A little birdwatching: Are tech firms like Musk’s Twitter ready for regulation?
ELON MUSK’s dramatic takeover of Twitter – complete with firing the entire management team and half the staff – has been the talk of, ahem, Twitter for the past week, as well as much of the rest of the world. It has also divided opinion amongst the most strongly politically engaged. Many on the right have seen the purchase as a major positive step, claiming it will lead to so-called conservative voices no longer being ‘suppressed’ on the platform. Others on the left have seen Musk’s moves as a threat to democracy and much else besides.
The argument over Twitter, though, is symptomatic of wider shifts – namely, the politicisation of tech and social media in particular. That is perhaps inevitable considering the huge reach of these platforms; Twitter’s last reported financial statements showed it had close to a quarter of a billion average daily users, whilst Facebook has just under two billion. As Donald Trump showed in 2016, a politician who can handle social media effectively can become quite literally the most powerful person in the world.
In short, social media always seemed set to run into political battles sooner rather than later. After all – it’s social media, and politicians have always regulated the media industry, recognising the outsized impact those organisations can have on the population.
Of course, there have been concerns raised before over the threat to democracy posed by the tech players. To bring back Trump, look at the anger directed towards Facebook and the Cambridge Analytica affair over the role in the 2016 elections. That led for calls for the tech companies to clean up their act and clear out disinformation.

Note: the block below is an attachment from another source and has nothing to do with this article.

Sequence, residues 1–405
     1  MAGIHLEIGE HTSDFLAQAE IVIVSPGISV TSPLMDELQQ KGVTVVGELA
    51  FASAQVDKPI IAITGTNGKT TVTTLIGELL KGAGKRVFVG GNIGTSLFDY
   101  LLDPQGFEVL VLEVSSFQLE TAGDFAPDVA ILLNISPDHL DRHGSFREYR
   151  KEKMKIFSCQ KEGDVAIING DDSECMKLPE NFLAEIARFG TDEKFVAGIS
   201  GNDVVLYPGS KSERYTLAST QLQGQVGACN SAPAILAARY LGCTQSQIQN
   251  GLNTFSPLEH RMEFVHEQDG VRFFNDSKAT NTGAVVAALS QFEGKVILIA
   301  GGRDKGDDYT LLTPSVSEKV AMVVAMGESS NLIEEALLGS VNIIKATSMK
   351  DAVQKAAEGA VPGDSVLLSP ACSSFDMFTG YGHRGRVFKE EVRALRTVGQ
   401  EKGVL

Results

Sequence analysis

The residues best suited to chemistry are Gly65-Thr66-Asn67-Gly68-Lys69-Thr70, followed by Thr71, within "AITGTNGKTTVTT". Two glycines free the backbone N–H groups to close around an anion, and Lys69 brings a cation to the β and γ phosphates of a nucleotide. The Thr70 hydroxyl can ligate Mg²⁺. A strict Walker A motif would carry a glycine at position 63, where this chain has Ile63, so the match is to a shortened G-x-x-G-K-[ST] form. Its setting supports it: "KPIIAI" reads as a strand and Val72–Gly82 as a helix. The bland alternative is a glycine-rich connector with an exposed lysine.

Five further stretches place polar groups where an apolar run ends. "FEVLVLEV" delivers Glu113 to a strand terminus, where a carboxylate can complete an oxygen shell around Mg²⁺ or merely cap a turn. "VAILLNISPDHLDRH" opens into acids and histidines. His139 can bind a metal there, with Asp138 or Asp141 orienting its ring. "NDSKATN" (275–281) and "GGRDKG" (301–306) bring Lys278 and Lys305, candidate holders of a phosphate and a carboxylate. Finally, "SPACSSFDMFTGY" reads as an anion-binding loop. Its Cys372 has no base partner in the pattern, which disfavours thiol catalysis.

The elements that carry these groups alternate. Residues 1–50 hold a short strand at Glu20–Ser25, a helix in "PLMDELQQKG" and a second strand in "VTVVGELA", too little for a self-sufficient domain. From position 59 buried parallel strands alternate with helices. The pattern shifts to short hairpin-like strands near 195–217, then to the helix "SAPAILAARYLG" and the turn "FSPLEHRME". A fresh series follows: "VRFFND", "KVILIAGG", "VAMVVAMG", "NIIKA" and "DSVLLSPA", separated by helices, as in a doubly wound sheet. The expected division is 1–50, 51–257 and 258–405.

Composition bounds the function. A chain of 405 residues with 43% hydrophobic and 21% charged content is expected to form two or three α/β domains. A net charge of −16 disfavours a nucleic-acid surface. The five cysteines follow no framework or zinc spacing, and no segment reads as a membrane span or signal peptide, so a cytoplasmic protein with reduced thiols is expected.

Yet it seems as though the mood music has stepped up a gear over the past 12 months.
The most extreme example is what has happened in China, where the authorities have reined in the major homegrown tech players, mainly through a framework of antitrust investigations and regulatory restrictions.
The mighty three of Baidu, Alibaba and Tencent have been reminded in no uncertain terms who retains ultimate power in China (there are plenty of other examples, such as the fate of Didi, China’s equivalent to Uber).
Yet it is not just constrained to China.
India has instigated bans on Twitter and Tiktok, one in response to allowing criticism of the government, the other following border clashes between China and India.
In Europe, there have been less overt moves to institute bans – which would be very unlikely to succeed – but more moves to institute controls via regulation, backed up by heavy fines. The UK’s proposal, for example, to fine social media companies up to 10 per cent of their global turnover falls into that camp, as do the fines issued by countries such as France, Ireland and Italy for rule-breaking.
It is in the United States though where the key battle – at least for the non-Chinese tech giants – will be played out. We are still digesting the results of the latest mid-term elections just held but one thing is clear is that both the Democrats and the Republicans see the tech sector as ripe for control. Multiple states have launched class-action suits against the major tech players. In Congress, politicians have reached across the aisle to bring forward legislation.
It may be that such moves go nowhere, or have little effect. But the tech giants are weakened in a way they were not even 12 months ago. Their share prices have fallen markedly and revenue growth rates slowed. At the same time, their executives – particularly Mark Zuckerberg at Meta – are coming under increasing attack for their corporate strategy.
The companies have responded by cutting back non-core projects and even making redundancies but investors smell blood. The aura of invincibility has gone.
It may therefore be that politicians see now as the right time to strike. It should be alarming to the tech giants that probably the one clear winner from the midterms was Ron DeSantis, the Republican Governor of Florida, who massively outperformed his party and is now in arguably a strong position to go for the 2024 Republican Presidential nomination. He has taken an aggressive anti-tech line and, as his moves against Disney in reaction to the latter’s criticism of state legislation have shown, he is not afraid to move. American economic history also shows that effective regulation occurs when both sides agree on the problem, which is the case now. One to watch.
Ian Whittaker is a media and tech analyst and the founder and managing partner of Liberty Sky Advisors